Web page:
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10.5 Promises

— special form: delay expression

The delay construct is used together with the procedure force to implement lazy evaluation or call by need. (delay expression) returns an object called a promise which at some point in the future may be asked (by the force procedure) to evaluate expression and deliver the resulting value.

— procedure: force promise

Forces the value of promise. If no value has been computed for the promise, then a value is computed and returned. The value of the promise is cached (or “memoized”) so that if it is forced a second time, the previously computed value is returned without any recomputation.

          (force (delay (+ 1 2)))                 =>  3
          (let ((p (delay (+ 1 2))))
            (list (force p) (force p)))           =>  (3 3)
          (define head car)
          (define tail
            (lambda (stream)
              (force (cdr stream))))
          (define a-stream
            (letrec ((next
                      (lambda (n)
                        (cons n (delay (next (+ n 1)))))))
              (next 0)))
          (head (tail (tail a-stream)))           =>  2
— procedure: promise? object

Returns #t if object is a promise; otherwise returns #f.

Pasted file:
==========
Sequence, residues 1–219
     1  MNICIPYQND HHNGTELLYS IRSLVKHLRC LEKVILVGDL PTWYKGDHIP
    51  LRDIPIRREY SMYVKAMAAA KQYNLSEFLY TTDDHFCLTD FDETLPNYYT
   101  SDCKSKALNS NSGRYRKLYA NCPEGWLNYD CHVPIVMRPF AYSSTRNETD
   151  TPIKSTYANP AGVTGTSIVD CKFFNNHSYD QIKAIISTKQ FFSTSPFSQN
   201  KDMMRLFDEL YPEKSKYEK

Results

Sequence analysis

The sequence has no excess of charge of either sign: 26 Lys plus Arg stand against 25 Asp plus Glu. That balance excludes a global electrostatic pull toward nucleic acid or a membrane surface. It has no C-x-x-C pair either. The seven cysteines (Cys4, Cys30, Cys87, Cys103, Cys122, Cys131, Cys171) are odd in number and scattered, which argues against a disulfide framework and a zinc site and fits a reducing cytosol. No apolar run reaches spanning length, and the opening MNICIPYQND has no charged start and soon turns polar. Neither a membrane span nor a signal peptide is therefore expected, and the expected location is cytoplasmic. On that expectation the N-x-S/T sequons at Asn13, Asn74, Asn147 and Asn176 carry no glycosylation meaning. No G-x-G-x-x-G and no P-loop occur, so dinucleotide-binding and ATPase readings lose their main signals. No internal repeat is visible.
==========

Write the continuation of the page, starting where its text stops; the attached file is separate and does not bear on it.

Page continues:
— procedure: promise-forced? promise

Returns #t if promise has been forced and its value cached; otherwise returns #f.

— procedure: promise-value promise

If promise has been forced and its value cached, this procedure returns the cached value. Otherwise, an error is signalled.

force and delay are mainly intended for programs written in functional style. The following examples should not be considered to illustrate good programming style, but they illustrate the property that the value of a promise is computed at most once.

     (define count 0)
     (define p
          (set! count (+ count 1))
          (* x 3))))
     (define x 5)
     count                                   =>  0
     p                                       =>  #[promise 54]
     (force p)                               =>  15
     p                                       =>  #[promise 54]
     count                                   =>  1
     (force p)                               =>  15
     count                                   =>  1

Here is a possible implementation of delay and force. We define the expression

     (delay expression)

to have the same meaning as the procedure call

     (make-promise (lambda () expression))

where make-promise is defined as follows:

     (define make-promise
       (lambda (proc)
         (let ((already-run? #f)
               (result #f))
           (lambda ()
             (cond ((not already-run?)
                    (set! result (proc))
                    (set! already-run? #t)))

Promises are implemented here as procedures of no arguments, and force simply calls its argument.

     (define force
       (lambda (promise)

Various extensions to this semantics of delay and force are supported in some implementations (none of these are currently supported in MIT/GNU Scheme):